Why Is Oil Additive Bad?

If the additive was a "miracle drug", then everyone would only compete with it, in fact, the big oil producers such as Mobil, Castrol, Repsol, Motul and others would have long ago bought the technology or even the whole company and their own they would also use this as a raw material in their oils, since in Formula 1, Moto GP and other top-class competitive sports, the engines are exposed to really high loads. For some reason, however, these companies recommend lubricants developed by themselves, and McLaren, Ferrari, RBR, Lotus and others have also chosen the lubricants that suit them.

The reduction of friction and wear is undoubtedly a very important property of lubricants, but they must also meet many other requirements. Since all lubricants only contain relatively small amounts (3-18%) of additives, the available narrow range must be allocated very well in order to be able to adequately support all required properties. It is essential that lubricants form a balanced system with their additives, which system must remain in a "working" state during use until the oil change. Disrupting this system by introducing an external additive can have unforeseeable consequences. In our case, we will probably experience an outstanding anti-wear effect, but in exchange for this, the other properties of the lubricant (e.g. cleaning effect, oxidation inhibition, replacement period...) may be damaged due to the disruption of the internal balance. If we consider that the development of a new oil consumes hundreds of thousands of Euros, no one can seriously think that world-changing results can be achieved with a few thousand HUF additives in the small garage at home, without any kind of testing. It is also not possible to determine exactly in advance which type of lubricant the user wishes to match the purchased extra additive to. It may happen that Mobil, Shell or Total oils are made up of completely different additive packages with completely different basic properties. Will the effect be the same after loading the extra additive in all cases, or is it possible that when mixed with one of the additive packages, separations will occur, which could destroy the engine? We can't know! Just as we cannot know the composition of Metabond, they cannot know the composition of Shell or Total or any other product, which carries an additional risk factor.
by Totalcar - 2012.11.13..

On the one hand, most of these additives increase the lubricity of the oil, which is only one of the properties expected from the oil. In addition, the oil still needs to cool, keep the engine clean, protect against corrosion and maintain the elastomers. Many of these additives enhance lubricity at the expense of other properties. For example, Teflon- or ceramic-containing additives form an insulating deposit that prevents the engine from transferring heat to the oil. The oil temperature will be low, while the engine temperature will rise, so the oil is no longer able to perform one of its tasks.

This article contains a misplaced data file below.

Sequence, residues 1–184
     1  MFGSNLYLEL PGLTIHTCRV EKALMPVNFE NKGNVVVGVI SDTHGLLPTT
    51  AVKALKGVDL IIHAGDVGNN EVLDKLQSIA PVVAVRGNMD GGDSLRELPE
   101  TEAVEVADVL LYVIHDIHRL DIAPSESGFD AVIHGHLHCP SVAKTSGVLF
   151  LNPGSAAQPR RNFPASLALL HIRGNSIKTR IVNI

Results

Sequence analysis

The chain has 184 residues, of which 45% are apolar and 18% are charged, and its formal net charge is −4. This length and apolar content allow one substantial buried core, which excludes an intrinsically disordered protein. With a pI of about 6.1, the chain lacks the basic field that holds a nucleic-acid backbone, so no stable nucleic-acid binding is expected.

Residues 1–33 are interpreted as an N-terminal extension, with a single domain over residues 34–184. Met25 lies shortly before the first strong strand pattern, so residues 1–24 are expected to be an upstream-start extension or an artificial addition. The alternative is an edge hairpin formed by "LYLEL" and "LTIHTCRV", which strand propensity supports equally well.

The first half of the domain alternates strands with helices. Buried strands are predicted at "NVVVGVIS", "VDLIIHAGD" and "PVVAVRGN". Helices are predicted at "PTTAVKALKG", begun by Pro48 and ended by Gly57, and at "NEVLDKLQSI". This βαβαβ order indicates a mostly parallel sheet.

On the other hand, the factory-mixed additives in engine oil are in a delicate balance. The oil companies have usually experimented with their appropriate ratio with decades of experience. We screw this up when we pour in some extra additives. This could easily prevent other key additives from having their effect.
Anyone who wants good things for their car should use a high-quality, fully synthetic or semi-synthetic oil, and above all, follow the factory specifications.
by Totalcar - 2009.07.30..

Neither the car manufacturer nor the oil manufacturer thinks at this point that anything is missing from the oil. I am basically in favor of not changing the complicated balance of engine oil. Although it is possible to influence a characteristic in a direction considered good, we do not know what we are causing in the other part of the balance. That's why I don't usually force it.
But man is a complex and emotional being: his sense of comfort and satisfaction are important. There are certainly good materials with effective advertising text, and I do not rule out that they are really good. We can't say that there are broken down cars along the roads that have had additives poured into them, but no one can say what would have happened to an engine that went 500,000 kilometers without additives.
by Totalcar - 2023.01.22..

Engine oils contain all the necessary additives at the factory, in such a ratio that they help and do not hinder each other's effect. With subsequent additions, this balance can easily be changed and it can cause damage to the engine. by Totalcar - 2017.04.21..

Why Use Oil Additive?

Why Is Oil Flush Good?

High-efficiency cleaning fluid that can be used to free the inside of the engine from disturbing deposits. Quickly and reliably dissolves oil sludge and varnish formers. It keeps all kinds of oil-soluble and non-soluble residues in suspension and removes them from the oil circuit during oil changes. An engine freed of deposits and dirt and fresh oil no longer burdened with old residues can therefore provide better performance. This reduces engine wear and increases its lifespan. by Liqui Moly - LM2640.

Why Is Oil Additive Good?

As an optimal moving seal, it reduces oil consumption and improves compression. It stabilizes the engine oil and ensures optimal oil pressure. It reduces engine noise and ensures excellent stability of the lubricating film. Reduces wear. by Liqui Moly - LM8377.

Regenerates rubber and plastic engine seals, such as shaft sealing rings, valve stem seals, and prevents the formation of oil stains under the vehicle. It works against oil dilution. Reduces engine noise and oil loss through piston rings and valve guides. by Liqui Moly - LM8375.